Rushing Rowdy: Why Tellez Won’t Be Another Travis Snider

Rowdy Tellez
Rowdy Tellez

In a previous post, I mentioned that Rowdy Tellez would make a good complementary piece at first base and designated hitter for the Blue Jays in 2017. In contrast to some who have argued that he’ll be ready for prime time late in the season, I believe that Tellez would not be hurt by rushing him to Toronto.


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The last high-ceilinged, left-handed power hitter the Blue Jays had in their system was none other than Travis Snider. In this article, I’ll discuss some of the similarities and some of the differences between the two players.



Draft position


Travis was the Blue Jays’ first round pick in the 2006 draft, going as the #14 pick overall and signing for $1.7 million (the #1 overall pick that year signed for $3.5 million, so Snider got just under half of that value).

Rowdy was the Jays’ 30th round pick in the 2013 draft, signing for a bonus of $850,000. Don’t let that 30th-round fool you. Tellez was on teams’ radars as the best left-handed power hitter in the draft but fell due to concerns about signability (he had a strong commitment to USC), position, and body issues. Unlike with Snider, Tellez’s $850,000 bonus pales in comparison to the $6.35 million that first-overall pick Mark Appel got that year.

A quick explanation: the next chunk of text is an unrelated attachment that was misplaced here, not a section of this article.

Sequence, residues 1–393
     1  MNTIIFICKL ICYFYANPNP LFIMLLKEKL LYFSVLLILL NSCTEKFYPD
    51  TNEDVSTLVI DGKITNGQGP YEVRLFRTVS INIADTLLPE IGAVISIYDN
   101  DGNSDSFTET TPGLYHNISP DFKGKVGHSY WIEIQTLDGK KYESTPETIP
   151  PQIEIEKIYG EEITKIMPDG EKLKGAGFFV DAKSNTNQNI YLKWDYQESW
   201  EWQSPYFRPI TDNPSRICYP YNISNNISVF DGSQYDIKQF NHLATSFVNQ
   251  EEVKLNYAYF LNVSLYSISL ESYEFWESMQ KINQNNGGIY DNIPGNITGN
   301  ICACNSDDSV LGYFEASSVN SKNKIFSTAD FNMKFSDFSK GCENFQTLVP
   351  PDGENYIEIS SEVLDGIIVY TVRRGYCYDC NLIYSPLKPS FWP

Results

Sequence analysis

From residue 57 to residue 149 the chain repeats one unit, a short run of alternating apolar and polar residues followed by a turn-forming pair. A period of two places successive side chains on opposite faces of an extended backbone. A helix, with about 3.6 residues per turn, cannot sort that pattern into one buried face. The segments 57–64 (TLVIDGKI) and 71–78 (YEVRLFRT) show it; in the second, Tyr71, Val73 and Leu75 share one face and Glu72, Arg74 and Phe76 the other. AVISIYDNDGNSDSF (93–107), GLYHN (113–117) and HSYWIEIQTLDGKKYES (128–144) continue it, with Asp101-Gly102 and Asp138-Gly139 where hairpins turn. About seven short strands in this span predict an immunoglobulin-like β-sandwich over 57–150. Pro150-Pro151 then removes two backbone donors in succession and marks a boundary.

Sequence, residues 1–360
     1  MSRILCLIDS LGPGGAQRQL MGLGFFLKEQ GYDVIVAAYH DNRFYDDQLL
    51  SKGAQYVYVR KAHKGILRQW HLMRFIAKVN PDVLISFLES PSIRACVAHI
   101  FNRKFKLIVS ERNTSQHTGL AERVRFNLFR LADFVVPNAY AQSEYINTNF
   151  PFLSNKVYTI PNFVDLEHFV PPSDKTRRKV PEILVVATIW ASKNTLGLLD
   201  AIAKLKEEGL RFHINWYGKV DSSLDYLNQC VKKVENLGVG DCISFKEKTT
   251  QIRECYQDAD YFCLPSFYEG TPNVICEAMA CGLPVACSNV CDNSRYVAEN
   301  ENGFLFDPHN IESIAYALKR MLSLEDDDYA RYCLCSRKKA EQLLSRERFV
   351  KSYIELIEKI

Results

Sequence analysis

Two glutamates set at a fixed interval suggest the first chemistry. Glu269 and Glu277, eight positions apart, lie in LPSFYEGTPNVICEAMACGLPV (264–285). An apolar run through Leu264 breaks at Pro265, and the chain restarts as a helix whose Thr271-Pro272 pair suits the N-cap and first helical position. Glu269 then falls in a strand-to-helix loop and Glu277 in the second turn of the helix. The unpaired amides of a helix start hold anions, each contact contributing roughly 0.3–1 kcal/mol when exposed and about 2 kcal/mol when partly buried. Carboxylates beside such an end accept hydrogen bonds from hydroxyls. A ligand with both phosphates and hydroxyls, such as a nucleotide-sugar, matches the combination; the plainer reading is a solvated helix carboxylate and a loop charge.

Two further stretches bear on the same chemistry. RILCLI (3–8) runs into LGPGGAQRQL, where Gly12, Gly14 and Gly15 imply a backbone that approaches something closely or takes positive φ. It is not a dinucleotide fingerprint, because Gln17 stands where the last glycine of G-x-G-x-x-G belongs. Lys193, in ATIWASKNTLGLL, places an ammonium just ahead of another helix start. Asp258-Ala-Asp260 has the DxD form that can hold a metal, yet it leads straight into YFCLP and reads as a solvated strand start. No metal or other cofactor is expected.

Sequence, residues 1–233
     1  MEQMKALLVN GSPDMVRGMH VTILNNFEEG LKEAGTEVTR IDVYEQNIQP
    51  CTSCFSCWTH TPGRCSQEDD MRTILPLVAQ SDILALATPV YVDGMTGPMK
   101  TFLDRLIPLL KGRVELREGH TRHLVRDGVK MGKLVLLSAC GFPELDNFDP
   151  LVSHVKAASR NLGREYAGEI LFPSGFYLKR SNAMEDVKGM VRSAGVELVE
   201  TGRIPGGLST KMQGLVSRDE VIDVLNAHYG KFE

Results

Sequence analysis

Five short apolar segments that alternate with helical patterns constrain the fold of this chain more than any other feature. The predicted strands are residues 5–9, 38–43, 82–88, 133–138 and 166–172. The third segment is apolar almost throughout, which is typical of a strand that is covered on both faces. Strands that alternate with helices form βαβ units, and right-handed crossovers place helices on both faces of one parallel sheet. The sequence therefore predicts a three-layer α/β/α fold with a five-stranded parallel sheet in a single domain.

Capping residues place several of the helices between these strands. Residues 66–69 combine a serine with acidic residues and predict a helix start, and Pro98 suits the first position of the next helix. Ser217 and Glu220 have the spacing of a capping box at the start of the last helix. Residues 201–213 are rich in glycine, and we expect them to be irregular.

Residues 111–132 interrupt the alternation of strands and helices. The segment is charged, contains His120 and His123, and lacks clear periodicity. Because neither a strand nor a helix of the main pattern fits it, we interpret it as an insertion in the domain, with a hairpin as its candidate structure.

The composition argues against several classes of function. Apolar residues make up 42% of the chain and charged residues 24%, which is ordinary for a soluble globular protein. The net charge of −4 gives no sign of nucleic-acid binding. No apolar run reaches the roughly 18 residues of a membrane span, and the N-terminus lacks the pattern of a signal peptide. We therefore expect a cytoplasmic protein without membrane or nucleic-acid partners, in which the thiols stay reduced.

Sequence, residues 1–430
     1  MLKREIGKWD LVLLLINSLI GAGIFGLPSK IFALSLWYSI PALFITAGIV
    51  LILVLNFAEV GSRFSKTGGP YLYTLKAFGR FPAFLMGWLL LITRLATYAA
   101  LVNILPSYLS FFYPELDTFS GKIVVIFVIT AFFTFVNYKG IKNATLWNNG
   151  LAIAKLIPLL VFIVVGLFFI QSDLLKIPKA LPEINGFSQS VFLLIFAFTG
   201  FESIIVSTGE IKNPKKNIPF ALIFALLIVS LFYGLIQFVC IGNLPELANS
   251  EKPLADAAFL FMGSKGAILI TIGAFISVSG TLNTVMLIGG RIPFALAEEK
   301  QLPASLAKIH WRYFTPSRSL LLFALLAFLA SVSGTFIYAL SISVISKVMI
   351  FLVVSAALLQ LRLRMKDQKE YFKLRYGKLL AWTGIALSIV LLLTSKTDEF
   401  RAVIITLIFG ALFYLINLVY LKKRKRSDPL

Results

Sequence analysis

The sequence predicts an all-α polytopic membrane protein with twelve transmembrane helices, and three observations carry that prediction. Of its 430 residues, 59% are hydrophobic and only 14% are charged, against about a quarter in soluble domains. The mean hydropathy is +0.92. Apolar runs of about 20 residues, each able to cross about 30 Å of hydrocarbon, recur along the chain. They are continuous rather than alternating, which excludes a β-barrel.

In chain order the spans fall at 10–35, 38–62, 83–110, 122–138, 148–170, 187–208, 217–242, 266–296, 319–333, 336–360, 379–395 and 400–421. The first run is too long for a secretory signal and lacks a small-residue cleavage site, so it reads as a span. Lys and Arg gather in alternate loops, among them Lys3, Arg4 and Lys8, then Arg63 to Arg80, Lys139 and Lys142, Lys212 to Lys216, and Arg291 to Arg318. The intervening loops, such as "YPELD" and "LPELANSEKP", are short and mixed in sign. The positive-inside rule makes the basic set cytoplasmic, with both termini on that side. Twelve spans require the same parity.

Early Days


Travis Snider
Travis Snider

Snider hit .325/.412/.567 in his first season in the minors playing with Pulaski in the Appalachian League and hitting 11 home runs. He jumped to Lansing the following year, and hit .313/.377/.525 with 16 home runs and 35 doubles in his Age-19 season. Snider actually made his major league debut in his third season of professional ball, at the age of 20, after hitting a combined .275/.358/.480 with 23 home runs in the minors (spanning Dunedin, New Hampshire and Syracuse). Travis hit .301/.338/.466 in 80 plate appearances in his major league debut.


On the flip side, Tellez had to deal with struggles as an 18 year old in the Gulf Coast League where he hit .234/.319/.371 with five doubles, three triples and two home runs. He spent most of the following year in the Appalachian League, starting to put things together, hitting .293/.358/.424 with 11 doubles, a triple and four home runs in 218 plate appearances, getting a taste of Lansing with a .357/.440/.500 slash line in 49 plate appearances, hitting two home runs.

It really wasn’t until Tellez’s third professional season in 2015 that he started to break out a bit (although it was still much more modest than Snider’s break out). Tellez hit .289/.347/.454 over 447 plate appearances split between Lansing and Dunedin, losing time due to injury but hitting 14 home runs and improving his walk rate and isolated slugging (ISO) at the higher level while his strikeout level remained stable.


After three years in the pros, Tellez had reached Advanced-A Dunedin while Snider, also a high-school draftee, had played 24 major league games.


The Next Step


Snider started the 2009 season as an everyday big leaguer, playing 31 games and hitting .242/.292/.394 with a fairly high 23.1% strikeout rate. Sent to Triple-A Las Vegas, he tore up the league (like many players do playing there), hitting .337/.431/.663 with 13 doubles, a triple and 14 home runs in 204 plate appearances, earning a call back to Toronto in mid-August. After his return to Toronto, Snider did post some better numbers (.239/.351/.437) but his strikeouts went way up, to 31.5% in his final 44 games with Toronto.